It’s an appropriate response to the danger Covid poses.

And I also flagged that the virus is far more dangerous than the flu, by orders of magnitude. There were comments made that it’s not Ebola. It’s worse. The mortality rate is nowhere near as high but Ebola is nowhere near as contagious. We can stop it. This thing is not. The last (and worst) Ebola pandemic killed maybe 1000 or so people. Covid does multiples of that each day.
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Re: Perth fvcked

Post by fonzeee »

The most conservative estimates for Spanish flu deaths are just under 20 million, and obviously the world was far less populated then, so let's not get ahead of ourselves.

(And R is not some exact thing, this is a lengthy read if anyone's interested but basically it's contextual and necessarily a product of conjecture, not some objective natural property of a disease that carries across all situations. I think you could make a reasonable argument that the world of 2020 facilitates a higher R than the world of 1918)
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Re: Perth fvcked

Post by Farva »

fonzeee wrote: Sun Apr 25, 2021 1:36 am The most conservative estimates for Spanish flu deaths are just under 20 million, and obviously the world was far less populated then, so let's not get ahead of ourselves.

(And R is not some exact thing, this is a lengthy read if anyone's interested but basically it's contextual and necessarily a product of conjecture, not some objective natural property of a disease that carries across all situations. I think you could make a reasonable argument that the world of 2020 facilitates a higher R than the world of 1918)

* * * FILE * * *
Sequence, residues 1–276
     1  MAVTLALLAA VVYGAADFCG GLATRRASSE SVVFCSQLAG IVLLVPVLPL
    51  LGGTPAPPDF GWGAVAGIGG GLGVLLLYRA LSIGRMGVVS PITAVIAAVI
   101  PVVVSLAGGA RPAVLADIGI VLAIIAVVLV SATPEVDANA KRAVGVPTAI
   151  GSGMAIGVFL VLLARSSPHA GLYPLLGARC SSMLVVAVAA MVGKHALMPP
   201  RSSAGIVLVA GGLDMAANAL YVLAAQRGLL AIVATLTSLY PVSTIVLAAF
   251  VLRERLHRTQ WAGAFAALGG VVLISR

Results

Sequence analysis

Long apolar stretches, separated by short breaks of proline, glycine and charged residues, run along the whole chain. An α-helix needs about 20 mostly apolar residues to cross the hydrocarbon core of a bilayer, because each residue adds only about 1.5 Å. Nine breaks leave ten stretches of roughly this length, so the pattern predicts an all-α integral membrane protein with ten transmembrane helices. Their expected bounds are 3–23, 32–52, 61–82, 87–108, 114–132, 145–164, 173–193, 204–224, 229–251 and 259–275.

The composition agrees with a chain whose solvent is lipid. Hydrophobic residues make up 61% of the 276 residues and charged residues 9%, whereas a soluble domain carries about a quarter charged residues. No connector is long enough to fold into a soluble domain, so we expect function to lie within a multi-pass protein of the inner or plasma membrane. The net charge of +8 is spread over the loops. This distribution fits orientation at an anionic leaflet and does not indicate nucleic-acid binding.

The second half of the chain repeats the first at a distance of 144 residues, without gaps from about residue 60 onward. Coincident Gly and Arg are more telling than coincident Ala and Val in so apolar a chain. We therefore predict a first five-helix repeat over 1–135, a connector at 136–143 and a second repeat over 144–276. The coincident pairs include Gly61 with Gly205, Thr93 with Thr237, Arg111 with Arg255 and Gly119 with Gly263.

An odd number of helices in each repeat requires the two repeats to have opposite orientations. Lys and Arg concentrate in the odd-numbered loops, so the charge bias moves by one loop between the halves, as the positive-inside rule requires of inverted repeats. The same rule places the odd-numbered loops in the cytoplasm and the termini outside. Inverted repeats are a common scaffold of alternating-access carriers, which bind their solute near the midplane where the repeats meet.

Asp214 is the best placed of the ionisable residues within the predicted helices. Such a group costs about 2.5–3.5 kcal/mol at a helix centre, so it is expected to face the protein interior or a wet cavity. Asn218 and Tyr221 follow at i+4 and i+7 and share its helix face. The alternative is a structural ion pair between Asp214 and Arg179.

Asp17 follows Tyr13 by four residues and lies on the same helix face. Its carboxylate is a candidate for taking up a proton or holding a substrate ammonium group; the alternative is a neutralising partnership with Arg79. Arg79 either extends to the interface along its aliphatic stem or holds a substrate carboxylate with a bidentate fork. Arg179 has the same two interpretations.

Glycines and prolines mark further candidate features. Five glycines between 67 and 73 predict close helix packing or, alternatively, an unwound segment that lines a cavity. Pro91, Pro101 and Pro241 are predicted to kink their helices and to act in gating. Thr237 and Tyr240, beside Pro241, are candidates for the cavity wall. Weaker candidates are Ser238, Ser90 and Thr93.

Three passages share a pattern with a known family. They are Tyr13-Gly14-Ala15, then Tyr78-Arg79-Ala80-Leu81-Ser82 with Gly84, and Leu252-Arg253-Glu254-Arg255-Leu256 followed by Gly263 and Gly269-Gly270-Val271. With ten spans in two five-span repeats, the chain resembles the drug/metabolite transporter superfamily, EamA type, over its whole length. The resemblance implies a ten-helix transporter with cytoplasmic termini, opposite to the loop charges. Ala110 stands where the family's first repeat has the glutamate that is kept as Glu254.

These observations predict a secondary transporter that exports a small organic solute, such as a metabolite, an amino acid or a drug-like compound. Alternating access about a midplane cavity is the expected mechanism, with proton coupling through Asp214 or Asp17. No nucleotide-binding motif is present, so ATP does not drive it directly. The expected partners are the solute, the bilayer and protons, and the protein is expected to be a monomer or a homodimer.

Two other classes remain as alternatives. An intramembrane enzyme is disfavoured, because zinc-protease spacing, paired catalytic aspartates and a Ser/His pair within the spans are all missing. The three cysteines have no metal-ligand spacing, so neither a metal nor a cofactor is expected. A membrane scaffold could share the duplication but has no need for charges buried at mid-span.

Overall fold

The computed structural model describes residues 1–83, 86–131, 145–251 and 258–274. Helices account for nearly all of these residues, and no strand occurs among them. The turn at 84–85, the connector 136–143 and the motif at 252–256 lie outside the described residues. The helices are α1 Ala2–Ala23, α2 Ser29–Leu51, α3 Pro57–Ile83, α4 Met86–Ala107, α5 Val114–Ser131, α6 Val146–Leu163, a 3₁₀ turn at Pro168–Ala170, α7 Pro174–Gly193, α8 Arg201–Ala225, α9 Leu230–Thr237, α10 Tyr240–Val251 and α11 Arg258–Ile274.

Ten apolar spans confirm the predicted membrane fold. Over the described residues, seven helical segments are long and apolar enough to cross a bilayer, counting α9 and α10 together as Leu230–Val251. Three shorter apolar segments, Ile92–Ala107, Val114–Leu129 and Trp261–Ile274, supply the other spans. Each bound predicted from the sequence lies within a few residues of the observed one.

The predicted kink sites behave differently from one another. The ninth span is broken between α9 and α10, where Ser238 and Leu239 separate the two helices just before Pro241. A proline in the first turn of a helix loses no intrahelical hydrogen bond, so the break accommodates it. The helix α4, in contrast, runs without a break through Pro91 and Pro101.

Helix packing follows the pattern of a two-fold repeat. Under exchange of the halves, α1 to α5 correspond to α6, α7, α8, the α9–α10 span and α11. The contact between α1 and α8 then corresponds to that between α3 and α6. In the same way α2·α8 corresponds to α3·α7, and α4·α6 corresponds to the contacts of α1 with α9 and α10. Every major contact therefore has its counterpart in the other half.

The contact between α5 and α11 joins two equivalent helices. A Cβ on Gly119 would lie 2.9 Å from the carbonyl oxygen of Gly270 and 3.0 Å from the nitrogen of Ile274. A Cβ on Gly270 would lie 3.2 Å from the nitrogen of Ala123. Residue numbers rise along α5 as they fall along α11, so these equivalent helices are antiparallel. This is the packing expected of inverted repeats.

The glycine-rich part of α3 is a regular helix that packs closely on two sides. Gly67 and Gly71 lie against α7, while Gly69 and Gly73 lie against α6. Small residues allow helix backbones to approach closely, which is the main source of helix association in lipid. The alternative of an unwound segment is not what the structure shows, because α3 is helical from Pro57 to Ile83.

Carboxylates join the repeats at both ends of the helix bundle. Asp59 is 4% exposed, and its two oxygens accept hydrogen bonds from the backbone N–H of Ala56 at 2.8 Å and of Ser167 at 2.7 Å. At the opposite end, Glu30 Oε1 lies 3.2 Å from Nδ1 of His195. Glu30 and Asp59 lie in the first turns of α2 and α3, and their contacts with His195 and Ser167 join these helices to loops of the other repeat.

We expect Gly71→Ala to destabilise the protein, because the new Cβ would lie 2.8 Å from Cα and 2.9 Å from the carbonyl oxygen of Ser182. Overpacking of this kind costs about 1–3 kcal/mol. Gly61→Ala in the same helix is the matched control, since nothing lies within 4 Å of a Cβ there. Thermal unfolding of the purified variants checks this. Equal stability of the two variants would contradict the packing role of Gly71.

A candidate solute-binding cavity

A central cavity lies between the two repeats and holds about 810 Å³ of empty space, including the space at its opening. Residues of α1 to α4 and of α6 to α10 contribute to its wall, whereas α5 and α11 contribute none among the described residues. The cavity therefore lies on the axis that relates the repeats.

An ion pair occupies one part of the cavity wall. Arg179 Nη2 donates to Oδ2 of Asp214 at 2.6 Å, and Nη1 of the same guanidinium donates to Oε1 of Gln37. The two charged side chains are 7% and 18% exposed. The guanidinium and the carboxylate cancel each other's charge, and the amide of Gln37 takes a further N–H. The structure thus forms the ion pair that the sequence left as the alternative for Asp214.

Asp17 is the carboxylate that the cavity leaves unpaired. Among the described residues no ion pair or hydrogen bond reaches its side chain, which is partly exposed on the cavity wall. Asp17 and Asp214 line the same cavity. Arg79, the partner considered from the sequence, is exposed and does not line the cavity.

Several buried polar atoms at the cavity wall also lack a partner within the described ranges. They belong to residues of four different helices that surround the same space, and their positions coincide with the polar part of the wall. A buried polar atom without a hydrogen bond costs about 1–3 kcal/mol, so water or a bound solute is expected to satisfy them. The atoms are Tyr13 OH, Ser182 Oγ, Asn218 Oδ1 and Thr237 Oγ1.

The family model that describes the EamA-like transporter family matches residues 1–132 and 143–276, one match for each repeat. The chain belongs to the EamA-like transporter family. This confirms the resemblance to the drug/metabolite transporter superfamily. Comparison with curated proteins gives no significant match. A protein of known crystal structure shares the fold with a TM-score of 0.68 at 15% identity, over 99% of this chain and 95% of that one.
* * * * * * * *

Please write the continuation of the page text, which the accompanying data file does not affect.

Sure.
But only looking at a virus based on its mortality doesn’t give a decent assessment of its danger. No doubt the Spanish flu killed more than Covid will, when considering population sizes.
But when looking at an appropriate risk based response against the danger, the virulent nature needs to be considered. Covid is far more contagious than the Spanish flu. And yes the interconnected world plays into that.
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Re: Perth fvcked

Post by Clogs »

Ali's Choice wrote: Sun Apr 25, 2021 12:31 am
Clogs wrote: Sun Apr 25, 2021 12:29 am Not perfect, just better. They were fvcking hopeless. Pen and paper tracking etc. You want to prove me wrong? I dare you. You can prove the hotel quarantine scam was a well managed system if you can tell me who from the Vixtorian government authorised and signed the deal. I fvcking triple dare you. And if you can't, then I will take that as an admission from you that Dan and his crew royally fvcked it a up and forced us into months of unnecessary hardship.

So up to you now.
Fvck you!
:lol:
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Re: Perth fvcked

Post by fonzeee »

Farva wrote: Sun Apr 25, 2021 1:46 am
fonzeee wrote: Sun Apr 25, 2021 1:36 am The most conservative estimates for Spanish flu deaths are just under 20 million, and obviously the world was far less populated then, so let's not get ahead of ourselves.

(And R is not some exact thing, this is a lengthy read if anyone's interested but basically it's contextual and necessarily a product of conjecture, not some objective natural property of a disease that carries across all situations. I think you could make a reasonable argument that the world of 2020 facilitates a higher R than the world of 1918)
Sure.
But only looking at a virus based on its mortality doesn’t give a decent assessment of its danger. No doubt the Spanish flu killed more than Covid will, when considering population sizes.
But when looking at an appropriate risk based response against the danger, the virulent nature needs to be considered. Covid is far more contagious than the Spanish flu. And yes the interconnected world plays into that.
I was just rejecting the idea this is anywhere near as bad, though I don't see how you could conclude it's inherently "far more contagious" than the Spanish flu, even the R estimates aren't that far off if we're going with that measurement (2.2 vs 1.8).